Largest global AIDS group expects other AIDS drug companies to follow President Obama’s call for “pharmaceutical companies…to do their part to help Americans get access to all the life-saving treatments.
By AIDS Healthcare Foundation
Gilead’s decision follows a sustained advocacy campaign spearheaded by AHF—including protests, print ads, post card mailers and TV spots—that targeted Gilead urging it ‘Do the Right Thing’ on drug pricing
LOS ANGELES (December 5, 2011) AIDS Healthcare Foundation (AHF) today saluted Gilead Sciences for its recent agreement to cut its AIDS drug prices to help address the severe crisis facing the nation’s AIDS Drug Assistance Program (ADAP), a network of federal and state funded programs that provide life-saving HIV treatments to low income, uninsured, and underinsured individuals living with HIV/AIDS nationwide. On Wednesday of this week, the ADAP Crisis Task Force (ACTF), announced that it had, “…reached new terms with Gilead Sciences that extend additional voluntary discounts and rebates for most Gilead products purchased by state AIDS Drug Assistance Programs (ADAPs).”
The agreement with Gilead comes at a time when a combination of the nation’s current economic situation, state budget challenges, and increased HIV testing and earlier treatment efforts have produced an unprecedented increase in the number of ADAP enrollees, resulting in severe cost-containment measures in many ADAPs.”
“We commend and thank Gilead Sciences and its chairman and CEO, John Martin, for cementing this new pricing agreement, which offers voluntary discounts and drug price rebates to ADAPs nationwide,” said Michael Weinstein, President of AIDS Healthcare Foundation. “Over the past year, AHF has been engaged in an aggressive advocacy campaign directed towards Gilead, calling for the company to lower its drug prices for cash-strapped ADAPs. On December 1st—World AIDS Day—Gilead announced that it has agreed to provide these discounts, a generous gesture that will no doubt enable thousands of people with AIDS to finally get the lifesaving medicines they need.”
Finally, we expect other major AIDS drug companies to heed President Obama’s World AIDS Day speech in which he said, ‘The federal government can’t do this alone, so I’m also calling on state governments, and pharmaceutical companies, and private foundations to do their part to help Americans get access to all the life-saving treatments.’ AHF now intends to turn its advocacy efforts towards these companies, to persuade them to follow the President’s call.”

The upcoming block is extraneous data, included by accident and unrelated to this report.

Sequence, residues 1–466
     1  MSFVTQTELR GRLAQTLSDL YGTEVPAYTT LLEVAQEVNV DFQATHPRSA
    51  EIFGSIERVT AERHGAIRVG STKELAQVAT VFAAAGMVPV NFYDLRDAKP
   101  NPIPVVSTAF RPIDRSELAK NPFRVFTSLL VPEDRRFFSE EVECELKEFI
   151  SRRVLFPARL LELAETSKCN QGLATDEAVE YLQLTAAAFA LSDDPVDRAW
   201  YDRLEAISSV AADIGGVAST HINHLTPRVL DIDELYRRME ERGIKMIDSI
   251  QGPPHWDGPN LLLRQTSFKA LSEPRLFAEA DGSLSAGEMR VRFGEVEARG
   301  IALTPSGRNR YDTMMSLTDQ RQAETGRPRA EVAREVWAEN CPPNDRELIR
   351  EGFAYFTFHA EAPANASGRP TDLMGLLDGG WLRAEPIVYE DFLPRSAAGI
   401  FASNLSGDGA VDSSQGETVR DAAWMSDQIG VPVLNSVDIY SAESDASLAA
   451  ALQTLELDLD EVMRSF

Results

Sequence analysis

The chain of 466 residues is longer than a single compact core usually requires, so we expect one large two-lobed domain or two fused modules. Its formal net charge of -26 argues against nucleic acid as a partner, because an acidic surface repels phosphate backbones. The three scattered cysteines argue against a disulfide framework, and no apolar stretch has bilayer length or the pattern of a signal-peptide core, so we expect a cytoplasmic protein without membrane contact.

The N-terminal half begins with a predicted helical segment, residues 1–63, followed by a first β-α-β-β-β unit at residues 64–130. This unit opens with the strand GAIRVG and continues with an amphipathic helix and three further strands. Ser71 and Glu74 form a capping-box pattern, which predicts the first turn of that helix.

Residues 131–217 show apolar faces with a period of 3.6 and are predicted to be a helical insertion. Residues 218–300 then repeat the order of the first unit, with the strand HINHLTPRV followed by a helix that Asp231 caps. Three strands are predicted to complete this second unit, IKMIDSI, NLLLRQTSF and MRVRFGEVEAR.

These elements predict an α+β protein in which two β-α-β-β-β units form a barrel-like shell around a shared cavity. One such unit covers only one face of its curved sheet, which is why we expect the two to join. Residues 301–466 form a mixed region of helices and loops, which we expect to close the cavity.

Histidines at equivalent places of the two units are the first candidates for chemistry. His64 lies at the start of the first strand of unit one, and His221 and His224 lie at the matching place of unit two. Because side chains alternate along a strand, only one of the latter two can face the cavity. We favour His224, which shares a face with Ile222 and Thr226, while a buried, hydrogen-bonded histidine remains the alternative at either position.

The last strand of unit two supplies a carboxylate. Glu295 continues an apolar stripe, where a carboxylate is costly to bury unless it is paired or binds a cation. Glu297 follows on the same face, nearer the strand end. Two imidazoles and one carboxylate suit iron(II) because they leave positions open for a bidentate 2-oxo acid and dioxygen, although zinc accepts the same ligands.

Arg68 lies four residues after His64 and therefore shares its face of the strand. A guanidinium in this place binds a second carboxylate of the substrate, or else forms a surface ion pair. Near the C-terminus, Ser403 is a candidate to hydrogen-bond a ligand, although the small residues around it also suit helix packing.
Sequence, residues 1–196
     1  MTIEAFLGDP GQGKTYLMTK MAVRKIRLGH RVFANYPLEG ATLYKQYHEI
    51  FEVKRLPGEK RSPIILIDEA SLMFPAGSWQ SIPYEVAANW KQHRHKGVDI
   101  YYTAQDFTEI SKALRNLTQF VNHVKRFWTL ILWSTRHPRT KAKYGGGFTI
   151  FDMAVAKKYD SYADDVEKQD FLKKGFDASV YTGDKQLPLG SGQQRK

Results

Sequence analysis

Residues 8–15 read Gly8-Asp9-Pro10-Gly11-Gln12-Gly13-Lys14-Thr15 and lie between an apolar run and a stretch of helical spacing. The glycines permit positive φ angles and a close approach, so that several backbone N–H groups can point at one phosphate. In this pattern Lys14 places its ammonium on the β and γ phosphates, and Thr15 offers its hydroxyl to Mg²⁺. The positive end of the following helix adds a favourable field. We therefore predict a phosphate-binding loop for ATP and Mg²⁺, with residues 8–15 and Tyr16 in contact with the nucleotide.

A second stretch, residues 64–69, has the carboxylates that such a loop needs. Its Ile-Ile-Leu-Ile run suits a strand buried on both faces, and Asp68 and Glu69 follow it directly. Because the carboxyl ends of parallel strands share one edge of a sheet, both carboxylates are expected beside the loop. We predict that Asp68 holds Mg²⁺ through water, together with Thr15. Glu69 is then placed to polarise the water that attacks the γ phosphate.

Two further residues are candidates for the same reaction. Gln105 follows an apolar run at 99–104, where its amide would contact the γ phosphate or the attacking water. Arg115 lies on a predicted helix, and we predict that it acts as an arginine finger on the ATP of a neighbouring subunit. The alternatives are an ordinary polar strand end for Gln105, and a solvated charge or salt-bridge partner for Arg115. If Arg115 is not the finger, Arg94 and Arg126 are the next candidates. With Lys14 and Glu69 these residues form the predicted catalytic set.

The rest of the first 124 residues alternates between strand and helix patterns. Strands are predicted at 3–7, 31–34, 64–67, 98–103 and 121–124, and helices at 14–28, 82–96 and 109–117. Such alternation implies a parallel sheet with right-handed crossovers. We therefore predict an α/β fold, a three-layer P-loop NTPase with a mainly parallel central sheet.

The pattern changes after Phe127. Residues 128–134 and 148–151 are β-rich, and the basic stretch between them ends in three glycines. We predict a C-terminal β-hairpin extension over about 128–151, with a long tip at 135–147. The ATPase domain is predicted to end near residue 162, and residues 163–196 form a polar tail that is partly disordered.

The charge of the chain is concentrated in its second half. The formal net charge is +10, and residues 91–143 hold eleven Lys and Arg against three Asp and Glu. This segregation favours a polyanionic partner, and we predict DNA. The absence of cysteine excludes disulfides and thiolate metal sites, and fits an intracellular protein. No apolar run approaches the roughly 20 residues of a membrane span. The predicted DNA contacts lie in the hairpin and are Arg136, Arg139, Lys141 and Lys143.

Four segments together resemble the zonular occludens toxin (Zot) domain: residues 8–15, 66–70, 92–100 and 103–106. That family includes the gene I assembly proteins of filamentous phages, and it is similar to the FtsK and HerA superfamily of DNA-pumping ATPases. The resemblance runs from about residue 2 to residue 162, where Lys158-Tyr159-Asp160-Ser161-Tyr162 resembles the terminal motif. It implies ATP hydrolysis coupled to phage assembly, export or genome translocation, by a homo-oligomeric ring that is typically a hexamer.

AHF’s Drug Advocacy Targeting Gilead
On Wednesday November 30th, AIDS advocates spearheaded by AHF hosted an ‘Occupy Gilead’ protest on the Foster City, CA campus of Gilead’s headquarters. Previous advocacy actions including an ‘Occupy Gilead’ funeral procession and four similar “die-in” protests and a “pill-bottle” protest, which took place recently outside the Foster City Gilead Sciences Inc.’s headquarters. In addition, AIDS Healthcare Foundation previously released a 30-second television commercial: “Gilead: AIDS Drug Prices to Die For.” The ad, which ran on MSNBC and CNN in San Francisco, Foster City and surrounding areas, urged the company to lower prices immediately and directed viewers to send an e-letter to Gilead CEO John Martin by visiting www.2gilead.org.
Earlier this year, California state Treasurer Bill Lockyer and state Controller John Chiang sent separate letters to Gilead on behalf of threatened ADAP patients. The letters asked CEO John Martin to “provide additional pricing considerations that will translate into a cost savings for the program.”
AHF also ran a series of ‘Gilead: Do the Right Thing’ sticky ‘post it’ note ads that appeared on the front pages of newspapers in the San Mateo and Bay Area, papers which serve readers and homeowners near Gilead’s headquarters. In addition, AHF created a series of six advocacy post cards targeting Gilead that were mailed to select zip codes in and around Foster City to bring awareness of the AIDS drug pricing issue to Gilead employees and neighbors. In fact, one such postcard blasting Gilead over its drug pricing and policies was mailed out last week, but as it was sent out under a bulk mailing agreement, will not arrive in recipients’ mailboxes until next week—nearly a week after Gilead announced its agreement and AIDS Healthcare Foundation lauded the company and CEO. AHF plans to run an appreciation ad in San Mateo and Bay Area newspapers thanking Gilead for doing the right thing on AIDS and also thanking the communities of San Mateo County for supporting this vital effort. A similar appreciation to Gilead and the community may also go out as a post card to area residents.
As of December 1st, there are still 4,274 people on waiting lists in twelve states, according to ADAP Watch, published regularly by NASTAD.
Background on ADAP
With state budgets stretched thin and increasing numbers of unemployed workers without health insurance, many states have been forced to cap enrollment in their AIDS Drug Assistance Programs. Currently, there are more than 4,200 individuals on waiting lists to receive lifesaving AIDS medications in twelve states. Hundreds of patients in need are being added to the waiting list each week. In addition, thousands more Americans living with HIV/AIDS have been dropped from the program or made ineligible to receive medications through ADAP due to stricter eligibility requirements.
Nationwide, ADAPs serve over 165,000 people, accounting for one third of people on AIDS treatment in the U.S. Unfortunately, the need for these programs expands every year, as more and more people become infected and diagnosed with HIV/AIDS; each year thousands of newly diagnosed HIV patients turn to ADAPs because they cannot afford their medicines.